Tuesday, May 19, 2020

Love, Pain and the Whole Crazy-Cat-Lady-Writer Thing

“I live in two worlds. One is a world of books. I've been a resident of Faulkner's Yoknapatawpha County, hunted the white whale aboard the Pequod, fought alongside Napoleon, sailed a raft with Huck and Jim, committed absurdities with Ignatius J. Reilly, rode a sad train with Anna Karenina and strolled down Swann's Way. It's a rewarding world, but my second one is by far superior. My second one is populated with characters slightly less eccentric, but supremely real, made of flesh and bone, full of love, who are my ultimate inspiration for everything.”  -Rory Gilmore, Gilmore Girls

https://drive.google.com/uc?export=view&id=1TPxJocfPlioinWwsQSR9bBxTO31iG50z

My earliest memories of childhood include two main markers: Cats and books. There are photos of me as a baby, not even walking yet, hanging out with a large, black cat. There are others of me paging through Golden Books, examining the pages from all angles. I was raised on words and animals, on imagination and compassion. It is something I took with me into adulthood. 

I have always had a cat. I am nearly 40 years old. 

Boots appeared in my life, a tiny feral kitten whose mother had died, in my early 20s. The fluffball walked in off my dad’s porch one evening, bold as brass. Boots was sick, however, and getting sicker. He was not expected to live terribly long with a raging respiratory infection in his lungs, eyes and ears. He could not meow or trill or purr or play. I asked the vet to try to save him. I asked them to help me save him. It took more than two months of three-times a day antibiotics into a less-than-thrilled squalling kitten, but bit by bit Boots recovered.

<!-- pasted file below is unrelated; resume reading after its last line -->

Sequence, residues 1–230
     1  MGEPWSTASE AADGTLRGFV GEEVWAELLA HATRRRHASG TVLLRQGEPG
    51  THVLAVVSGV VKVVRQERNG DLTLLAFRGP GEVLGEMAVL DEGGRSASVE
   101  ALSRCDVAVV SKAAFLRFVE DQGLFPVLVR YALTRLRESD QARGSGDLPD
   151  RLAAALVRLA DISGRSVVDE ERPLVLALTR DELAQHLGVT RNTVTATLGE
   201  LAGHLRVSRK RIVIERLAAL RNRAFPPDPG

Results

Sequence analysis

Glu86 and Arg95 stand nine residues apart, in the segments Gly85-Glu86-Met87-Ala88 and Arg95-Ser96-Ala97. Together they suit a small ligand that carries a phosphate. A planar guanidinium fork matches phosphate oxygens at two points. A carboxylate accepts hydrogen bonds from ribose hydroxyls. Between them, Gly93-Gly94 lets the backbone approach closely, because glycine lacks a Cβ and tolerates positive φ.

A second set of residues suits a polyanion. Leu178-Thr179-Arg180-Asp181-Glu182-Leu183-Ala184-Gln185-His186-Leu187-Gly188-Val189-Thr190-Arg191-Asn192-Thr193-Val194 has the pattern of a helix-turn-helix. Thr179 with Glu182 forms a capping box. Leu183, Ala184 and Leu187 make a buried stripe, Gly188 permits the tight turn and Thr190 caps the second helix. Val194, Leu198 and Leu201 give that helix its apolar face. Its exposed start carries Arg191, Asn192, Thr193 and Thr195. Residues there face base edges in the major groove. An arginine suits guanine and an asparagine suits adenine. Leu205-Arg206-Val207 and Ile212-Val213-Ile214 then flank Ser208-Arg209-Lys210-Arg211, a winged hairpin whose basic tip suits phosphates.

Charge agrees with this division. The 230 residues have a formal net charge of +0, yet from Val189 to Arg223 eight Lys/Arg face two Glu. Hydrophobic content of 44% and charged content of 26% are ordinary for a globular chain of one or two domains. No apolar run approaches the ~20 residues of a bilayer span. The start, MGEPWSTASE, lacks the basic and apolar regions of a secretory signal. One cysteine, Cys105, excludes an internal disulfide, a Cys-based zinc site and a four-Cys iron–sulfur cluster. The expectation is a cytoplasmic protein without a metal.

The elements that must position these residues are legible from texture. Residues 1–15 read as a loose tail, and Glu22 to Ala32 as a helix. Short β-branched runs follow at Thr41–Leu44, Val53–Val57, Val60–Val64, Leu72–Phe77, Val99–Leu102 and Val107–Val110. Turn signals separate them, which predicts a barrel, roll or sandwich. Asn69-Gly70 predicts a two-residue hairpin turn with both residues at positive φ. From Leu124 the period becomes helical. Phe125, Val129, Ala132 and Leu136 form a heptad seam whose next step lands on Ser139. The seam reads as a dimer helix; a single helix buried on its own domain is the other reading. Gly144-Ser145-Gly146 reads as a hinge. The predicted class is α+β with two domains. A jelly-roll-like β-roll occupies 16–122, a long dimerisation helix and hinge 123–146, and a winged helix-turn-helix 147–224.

I remember the first time he purred. It is carved into my memory and heart. 

As a kitten, especially after being ill for so long, Boots was committed to living his life to the fullest. The vet said he likely would not live past 6 or 8 years due to the damage to his system. I said that was okay, I’d give him all the life I could while we were together. 

Boots was at least part-Siamese, though not in appearance. He was all black, tail tip to whiskers. Like a true Siamese, though, Boots was chatty and curious and whip-smart. He had a meow-baby-cry that asked where I was, a meow-ch that said he was hungry, a meow that announced he was bored, a trill that he wanted to play, an expectant purr when he wanted to be picked up, a yowl that assured he was on nightly patrol. The trills, all kinds of trills, went on all day as he’d be talking with me or narrating his day. Boots was busy and into everything - swinging from a curtain one moment and expertly navigating a ball around a set dining room table of porcelain with his paws. He liked a routine, waking me with a paw tap and loud purr and herding me to bed at the end of the day. He knew when it was breakfast time, snack time and dinner time and expected all to arrive on the tick. He favored orange catnip mice, sparklies and a tiny stuffed shrimp as his toys. We enjoyed playing hide and seek - Boots usually won. Each night, we played ping-pong with the catnip mouse. His paw-eye coordination was spectacular. 

It was Boots’ strong, engaging and charismatic personality that inspired my first middle grade novel, THE GREAT CAT NAP. He was sneaky and mischievous yet also clever and creative. I imagined what a cat like Boots would do given the situation he was a reporter or detective-in-training. What came to life were four novels (two yet unfinished) based on Ace the Cat - Boots’ doppleganger. When THE GREAT CAT NAP was published, I met cat person after cat person who read the book. Children and teens, adults and even the elderly. They loved Ace. 

They loved Boots.